Total Returns Index (TRI) – an appropriate benchmark to compare fund performance

Financial institutions have come a long way since the aftermath of Global Financial Crisis in 2008. As asset management companies and fund houses battle to grab a larger share of corpus from increasingly knowledgeable investor cohort, more and more emphasis has been laid on building customer confidence and trust, financial transparency and ethics. In a recent survey by CFA, ‘From Trust to Loyalty: A Global Survey of What Investors Want’, majority (~38%) of the retail customers chose ‘Trust on asset managers/firm’ as their primary reason while picking an asset management firm.

More recently, one such step in achieving financial transparency is a decision by DSP Blackrock Mutual Fund & Edelweiss Mutual Fund to opt for Total Returns Index (TRI) as the benchmark to measure the performance of their funds. Prior to DSP Blackrock & Edelweiss Mutual Fund, Quantum mutual fund adopted the TRI benchmarks to compare the returns of their funds. Such a move by fund houses is in the right direction towards global convergence on usage of fair and transparent benchmarks – to gauge performances of assets under management.

 

What is Total Returns Index (TRI)?

There are two sources of returns on equity investments: capital gains and cash dividends. The cash dividends received are typically reinvested by mutual funds to generate further returns on net assets. For instance, The PRI (Price Returns Index) version of NIFTY 50 for the year 2016 delivered a return of 3.01% and the 50 underlying stocks paid an aggregate dividend of 1.47%, thus the TRI version of the index delivered 4.48% return during the year. Historically, most of the domestic funds have used PRI, to compare their funds’ performances, which considers only capital gains (price appreciation) thus ignoring dividend returns. Total Returns Index (TRI) captures both – price appreciation and cash dividends to reflect all sources of returns in equity portfolio. The Net Asset Value (NAV) calculated by mutual funds also reflects both these sources of returns. Using TRI for fund performance comparison is thus a more appropriate, fair and prudent benchmarking practice.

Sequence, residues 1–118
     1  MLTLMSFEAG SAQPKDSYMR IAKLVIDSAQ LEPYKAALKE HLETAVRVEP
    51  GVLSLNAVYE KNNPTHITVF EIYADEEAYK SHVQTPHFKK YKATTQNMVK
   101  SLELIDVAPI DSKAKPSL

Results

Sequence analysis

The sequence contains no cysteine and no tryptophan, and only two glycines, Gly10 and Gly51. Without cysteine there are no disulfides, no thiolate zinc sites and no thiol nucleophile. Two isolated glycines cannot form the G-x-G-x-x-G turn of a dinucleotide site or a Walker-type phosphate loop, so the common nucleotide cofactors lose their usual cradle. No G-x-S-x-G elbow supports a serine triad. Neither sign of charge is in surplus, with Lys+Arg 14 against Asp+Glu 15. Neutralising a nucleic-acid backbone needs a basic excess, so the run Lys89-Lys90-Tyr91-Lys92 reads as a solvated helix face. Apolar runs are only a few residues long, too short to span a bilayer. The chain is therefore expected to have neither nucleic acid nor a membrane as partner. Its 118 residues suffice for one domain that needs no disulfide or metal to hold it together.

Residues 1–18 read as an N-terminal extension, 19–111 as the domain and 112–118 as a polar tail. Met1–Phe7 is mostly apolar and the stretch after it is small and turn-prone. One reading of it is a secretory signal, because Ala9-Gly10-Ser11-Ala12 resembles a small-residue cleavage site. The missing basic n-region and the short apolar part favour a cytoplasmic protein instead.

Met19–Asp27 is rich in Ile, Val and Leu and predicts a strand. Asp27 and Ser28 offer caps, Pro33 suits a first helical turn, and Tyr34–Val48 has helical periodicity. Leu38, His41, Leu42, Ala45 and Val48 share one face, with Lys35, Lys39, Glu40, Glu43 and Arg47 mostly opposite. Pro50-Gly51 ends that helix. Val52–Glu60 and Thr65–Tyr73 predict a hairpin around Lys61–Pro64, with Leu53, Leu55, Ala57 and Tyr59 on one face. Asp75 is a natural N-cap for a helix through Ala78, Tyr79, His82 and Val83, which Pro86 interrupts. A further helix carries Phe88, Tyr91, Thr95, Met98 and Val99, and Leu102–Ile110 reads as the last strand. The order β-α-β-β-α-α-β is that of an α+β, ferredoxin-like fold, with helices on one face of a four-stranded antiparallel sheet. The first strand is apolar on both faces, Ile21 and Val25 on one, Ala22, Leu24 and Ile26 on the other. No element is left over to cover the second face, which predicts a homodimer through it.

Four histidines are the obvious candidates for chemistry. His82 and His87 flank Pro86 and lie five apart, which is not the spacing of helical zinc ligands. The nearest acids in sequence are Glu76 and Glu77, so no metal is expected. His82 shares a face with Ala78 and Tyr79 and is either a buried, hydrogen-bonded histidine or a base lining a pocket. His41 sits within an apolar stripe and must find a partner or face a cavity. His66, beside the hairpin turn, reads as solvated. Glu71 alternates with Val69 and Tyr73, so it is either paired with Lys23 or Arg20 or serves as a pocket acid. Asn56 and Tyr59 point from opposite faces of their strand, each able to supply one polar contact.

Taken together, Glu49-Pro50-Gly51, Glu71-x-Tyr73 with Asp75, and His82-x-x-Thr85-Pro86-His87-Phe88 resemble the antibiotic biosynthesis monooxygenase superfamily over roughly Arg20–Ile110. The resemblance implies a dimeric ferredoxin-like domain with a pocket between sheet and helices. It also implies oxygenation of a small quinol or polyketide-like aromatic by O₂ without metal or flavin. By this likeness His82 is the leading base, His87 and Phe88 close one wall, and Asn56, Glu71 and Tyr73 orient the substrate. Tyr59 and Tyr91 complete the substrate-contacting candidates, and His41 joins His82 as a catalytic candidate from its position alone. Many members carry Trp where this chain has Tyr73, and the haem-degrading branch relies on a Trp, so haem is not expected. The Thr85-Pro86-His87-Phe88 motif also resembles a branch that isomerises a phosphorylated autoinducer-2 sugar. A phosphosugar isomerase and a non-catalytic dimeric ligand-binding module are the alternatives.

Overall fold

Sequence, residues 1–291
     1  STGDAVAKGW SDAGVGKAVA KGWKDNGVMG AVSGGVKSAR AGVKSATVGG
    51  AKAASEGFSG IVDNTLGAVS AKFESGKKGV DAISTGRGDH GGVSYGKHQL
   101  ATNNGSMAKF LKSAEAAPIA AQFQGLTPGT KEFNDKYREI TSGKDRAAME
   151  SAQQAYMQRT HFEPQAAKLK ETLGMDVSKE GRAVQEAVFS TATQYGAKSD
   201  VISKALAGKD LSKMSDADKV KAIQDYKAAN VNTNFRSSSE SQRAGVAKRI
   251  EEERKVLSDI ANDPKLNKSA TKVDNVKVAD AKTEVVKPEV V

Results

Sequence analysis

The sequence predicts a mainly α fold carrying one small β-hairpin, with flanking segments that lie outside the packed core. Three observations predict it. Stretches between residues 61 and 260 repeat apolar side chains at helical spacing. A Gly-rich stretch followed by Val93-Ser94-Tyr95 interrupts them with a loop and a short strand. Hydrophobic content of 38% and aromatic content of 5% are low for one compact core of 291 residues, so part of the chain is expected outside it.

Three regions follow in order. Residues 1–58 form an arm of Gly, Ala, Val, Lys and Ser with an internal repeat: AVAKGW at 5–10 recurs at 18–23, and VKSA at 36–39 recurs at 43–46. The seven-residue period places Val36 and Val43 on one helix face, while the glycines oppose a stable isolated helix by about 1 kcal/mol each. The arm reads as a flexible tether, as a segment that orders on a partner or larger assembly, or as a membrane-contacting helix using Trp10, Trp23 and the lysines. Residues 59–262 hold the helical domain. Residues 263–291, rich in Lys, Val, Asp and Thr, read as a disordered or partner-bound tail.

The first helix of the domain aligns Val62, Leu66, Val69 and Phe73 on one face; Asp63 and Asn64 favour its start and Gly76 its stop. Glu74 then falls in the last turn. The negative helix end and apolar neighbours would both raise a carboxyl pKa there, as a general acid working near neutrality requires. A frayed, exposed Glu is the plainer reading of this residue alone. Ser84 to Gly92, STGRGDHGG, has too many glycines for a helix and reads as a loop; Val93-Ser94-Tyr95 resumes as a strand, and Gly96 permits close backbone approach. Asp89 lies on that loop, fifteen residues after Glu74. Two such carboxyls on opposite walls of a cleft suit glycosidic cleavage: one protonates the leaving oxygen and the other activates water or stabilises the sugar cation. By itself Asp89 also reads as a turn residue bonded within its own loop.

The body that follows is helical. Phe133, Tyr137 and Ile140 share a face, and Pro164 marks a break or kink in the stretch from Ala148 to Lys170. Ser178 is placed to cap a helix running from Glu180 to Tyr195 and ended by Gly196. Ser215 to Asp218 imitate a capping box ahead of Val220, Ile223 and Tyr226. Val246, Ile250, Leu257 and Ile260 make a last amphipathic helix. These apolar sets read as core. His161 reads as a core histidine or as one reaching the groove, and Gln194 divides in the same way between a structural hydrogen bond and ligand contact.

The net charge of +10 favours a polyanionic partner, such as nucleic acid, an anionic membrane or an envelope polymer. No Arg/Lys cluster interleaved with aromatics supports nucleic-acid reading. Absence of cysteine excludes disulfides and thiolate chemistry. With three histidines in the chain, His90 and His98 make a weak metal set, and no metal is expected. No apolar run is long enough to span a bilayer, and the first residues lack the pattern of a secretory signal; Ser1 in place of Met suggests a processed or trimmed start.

Global emphasis on usage of total return index benchmarks for performance comparison

Globally, the emphasis on transparency has been on a rise as indicated by the guidelines issued by various capital market regulators. In the United States, Securities and Exchange Commission (SEC) regulations published in 1998 mandates that all funds report performances using appropriate benchmarks which consider reinvestment of dividends for index computation (read TRI). Most of the asset managers in the United States claiming a large part of the industry AUM use Total Returns (TR) indices as benchmarks to measure the performances of their funds. Below is the summary of 5 such asset managers and few of their top funds and corresponding benchmarks.

 

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